Chris Pic, aka Pic Man aka Ice Pic, is one of the originals, he was around when the Big Bang that first formed the WBL first blasted a hole in cycling in the Southeast, before there was even the name WBL, back in the early 90s when a dozen or so were hammering out 5- and 6-hour rides every Saturday and Sunday. Like a gale crosswind, Chris was a force to be reckoned with, a rouleur who could climb, sprint and time trial, a gifted all-rounder who could and still can push down on his pedals with ample watts. During his career he ascended through the ranks like a rocket ship, spending time on the Athens Bandag Racing Team, and was teammates with such greats as Gord Fraser, Henk Vogels, Steve Sevener, Floyd Landis, Paul King and Derek Bouchard-Hall to name a few. Chris has been married to another two-wheeled speed merchant, Tina Mayola Pic, for many years and the Humble Chronicler checked in with this WBL Hall of Fame member recently to catch up.

Humble Chronicler: Hi Chris, it’s great to catch up with you. Tell us what you are doing these days.

Pic Man: For the past two years I have been working as the Product Manager for Sherwood Scuba, Genesis Scuba and AKONA Adventure Gear. Sherwood Scuba is one of the largest scuba brands in the world, so it is cool to be part of a well know quality brand. Genesis is small and still working on growing and AKONA is also a watersports brand that is doing well. I was in the bicycle business for many years after pro bike racing, but it seems that the bike business does not like me as much as I like bikes. The good part now is that I have a good work-life mix. I’m not working and talking bikes all day and then riding in my free time, which can be too much of a focus on one thing. Plus, I like ocean and beach type activities.

H.C.: Where do you and Tina live now?

Pic: Tina and I live in Gainesville, Georgia after spending 5 years away. We lived in Sun Valley, Idaho for one year and in Salt Lake City, Utah for four. The mountain biking and snow skiing (Alpine and Cross Country) were awesome and we did a good bit of these activities.

H.C.: Where are some of the more interesting places racing your bike and work have taken you over the years?

Pic: Professional bike racing took me to nearly every state in the U.S. I was also fortunate enough to race in Canada, Argentina, Brazil, Jamaica, Martinique, Guadeloupe, Serbia, Belgium, Holland, and France. My work in the bike industry has taken me to Taiwan, China, Hong Kong, Japan and Switzerland. And because Tina and I love to scuba dive, we vacation in the Caribbean and enjoy a little time in the sun.

H.C.: What years did you race and what were the teams you raced for?

Pic: I raced for 16 years, from 1988 through 2004. I started out with Atlanta Cycling on a team Donny Dodson put together. I graduated to Bill Riecke’s Athens Bandag Team, where we had a formidable lineup. From Athens Bandag I went to Micah Rice’s Zaxby’s Racing Team which morphed into Jittery Joes, a team which saw a lot of success. Next, I raced with a lot of world class talent on John Wordin’s Mercury Team, then closed out my career on 7-Up, a team Jeff Corbett put together.

H.C.: You were here during the formative years of the WBL. Who are some of the others you remember who rode in the WBL in the early days?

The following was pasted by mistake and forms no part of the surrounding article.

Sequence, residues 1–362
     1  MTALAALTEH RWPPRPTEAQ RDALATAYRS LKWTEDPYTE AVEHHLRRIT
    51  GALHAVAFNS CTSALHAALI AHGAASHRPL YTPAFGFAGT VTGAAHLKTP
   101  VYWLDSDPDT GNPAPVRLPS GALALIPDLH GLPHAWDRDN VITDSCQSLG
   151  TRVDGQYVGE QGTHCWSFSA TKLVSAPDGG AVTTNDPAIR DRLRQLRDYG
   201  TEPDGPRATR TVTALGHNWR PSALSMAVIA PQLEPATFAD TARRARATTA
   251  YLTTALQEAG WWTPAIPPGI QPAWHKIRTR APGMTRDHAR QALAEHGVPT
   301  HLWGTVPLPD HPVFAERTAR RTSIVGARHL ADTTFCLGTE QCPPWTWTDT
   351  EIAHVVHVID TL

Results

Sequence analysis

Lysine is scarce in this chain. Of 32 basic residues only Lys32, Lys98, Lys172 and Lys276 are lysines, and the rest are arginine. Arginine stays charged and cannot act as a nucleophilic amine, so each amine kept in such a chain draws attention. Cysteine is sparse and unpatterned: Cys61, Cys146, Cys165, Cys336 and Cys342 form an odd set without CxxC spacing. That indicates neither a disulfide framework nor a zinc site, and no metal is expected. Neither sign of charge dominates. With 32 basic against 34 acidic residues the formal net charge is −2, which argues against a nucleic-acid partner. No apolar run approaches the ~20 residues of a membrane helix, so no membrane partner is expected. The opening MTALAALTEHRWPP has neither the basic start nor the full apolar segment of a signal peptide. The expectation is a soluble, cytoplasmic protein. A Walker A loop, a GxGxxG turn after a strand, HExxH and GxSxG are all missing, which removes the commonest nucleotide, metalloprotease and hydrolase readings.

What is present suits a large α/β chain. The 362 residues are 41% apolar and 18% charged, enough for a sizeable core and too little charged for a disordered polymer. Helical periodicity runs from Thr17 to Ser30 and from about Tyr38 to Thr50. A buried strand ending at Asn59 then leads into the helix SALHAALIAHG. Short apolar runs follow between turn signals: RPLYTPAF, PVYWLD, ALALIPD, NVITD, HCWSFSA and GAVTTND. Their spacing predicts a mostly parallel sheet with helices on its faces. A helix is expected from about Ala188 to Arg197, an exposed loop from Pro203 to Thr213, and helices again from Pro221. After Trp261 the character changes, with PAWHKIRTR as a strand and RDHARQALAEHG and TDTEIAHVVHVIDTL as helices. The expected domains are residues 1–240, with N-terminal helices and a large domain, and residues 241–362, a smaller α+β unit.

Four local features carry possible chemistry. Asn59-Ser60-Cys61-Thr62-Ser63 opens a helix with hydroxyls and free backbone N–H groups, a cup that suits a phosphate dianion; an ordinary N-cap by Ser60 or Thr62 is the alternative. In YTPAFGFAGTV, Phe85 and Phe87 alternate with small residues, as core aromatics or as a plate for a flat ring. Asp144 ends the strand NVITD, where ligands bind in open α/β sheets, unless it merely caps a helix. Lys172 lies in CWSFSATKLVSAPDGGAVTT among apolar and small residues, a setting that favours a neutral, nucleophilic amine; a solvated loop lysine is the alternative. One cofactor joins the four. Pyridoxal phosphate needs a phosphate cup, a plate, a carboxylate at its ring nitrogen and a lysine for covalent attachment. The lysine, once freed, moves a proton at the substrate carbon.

Pic: I remember a lot of folks joining us over the years as word of our rides spread to Atlanta and beyond. A few regulars were my future wife Tina, Steve Sevener, Paul King, Clay Parks, Eric Lemaire, Canada Dave Irving, Mark and Heidi Heeb, David Martin (RIP), Tommy Mulky, Jeff Lee, Brian Key, John Funkey, Drew Johnston, Ed Moon, Dave Allen, Michael Melnik, Brooks Dobbs, Larry Waters, Pat Raines, Doc Moye, Bill Riecke, John Atkins, Ryan Barnett, Emile Abraham, Tommy Bass, Hans and Stefan Billmeyer, Cleve Blackwell, Dani Dambrak, Darrel Prillaman, Micah Rice, Tim Cox, Jason Spruill, Crowe and that hairy-legged wonder Conan the Barbarian (Robert Cox). There were others.

H.C.: What do you remember about the WBL rides in the early 90s?

Pic: I remember getting my butt handed to me on the first ride every winter. I never trained the month to month-and-a-half after the previous racing season because I was resting, so after the first 50 miles, I always fell apart. There was no follow vehicle at the time, so we had to take care of ourselves as far as food, drinks, flat tires, bike problems, you name it, and it was a coin toss as to whether the group would stop and wait—the worse the conditions the more likely a rider would be left behind. On every ride there were always a few riders out there struggling to make it home before dark. I was a dog-eat-dog environment even though we were all friends.

H.C.: What are your most memorable WBL rides or routes?

Pic: Alto (115 miles) and Toccoa (125 miles) are the most memorable rides ever and are at the top of the list, they are just awesome. I’m not sure I could finish them now. (*Pic was the first winner of both of these World Cup events.)

H.C.: Do you still ride? What do you and Tina like to do for fun?

Pic: Yes, I still love to ride and put in 100 to 300 miles a week, 3 to 4 days a week. Tina and I both are very active—we slalom water ski 3 to 4 days a week, wake surf and we love kite boarding. And we still mountain bike a few times a year. Later in life when I can’t be as active, I’ll read, fish and scuba dive, all activities that don’t take a lot of functioning body parts.

H.C.: It was great to check-in with you Pic Man and we hope you and Tina have a great 2021.

Pic: Thanks, this was fun and all the youngsters and newbies who ride the WBL need to know of those that came before them, those who plowed the roads on the early rides before the WBL had a name, those who suffered on the same roads they ride now, but without the luxury of a follow vehicle, GPS maps, etc. We didn’t even know where we were going half the time, but it was a blast!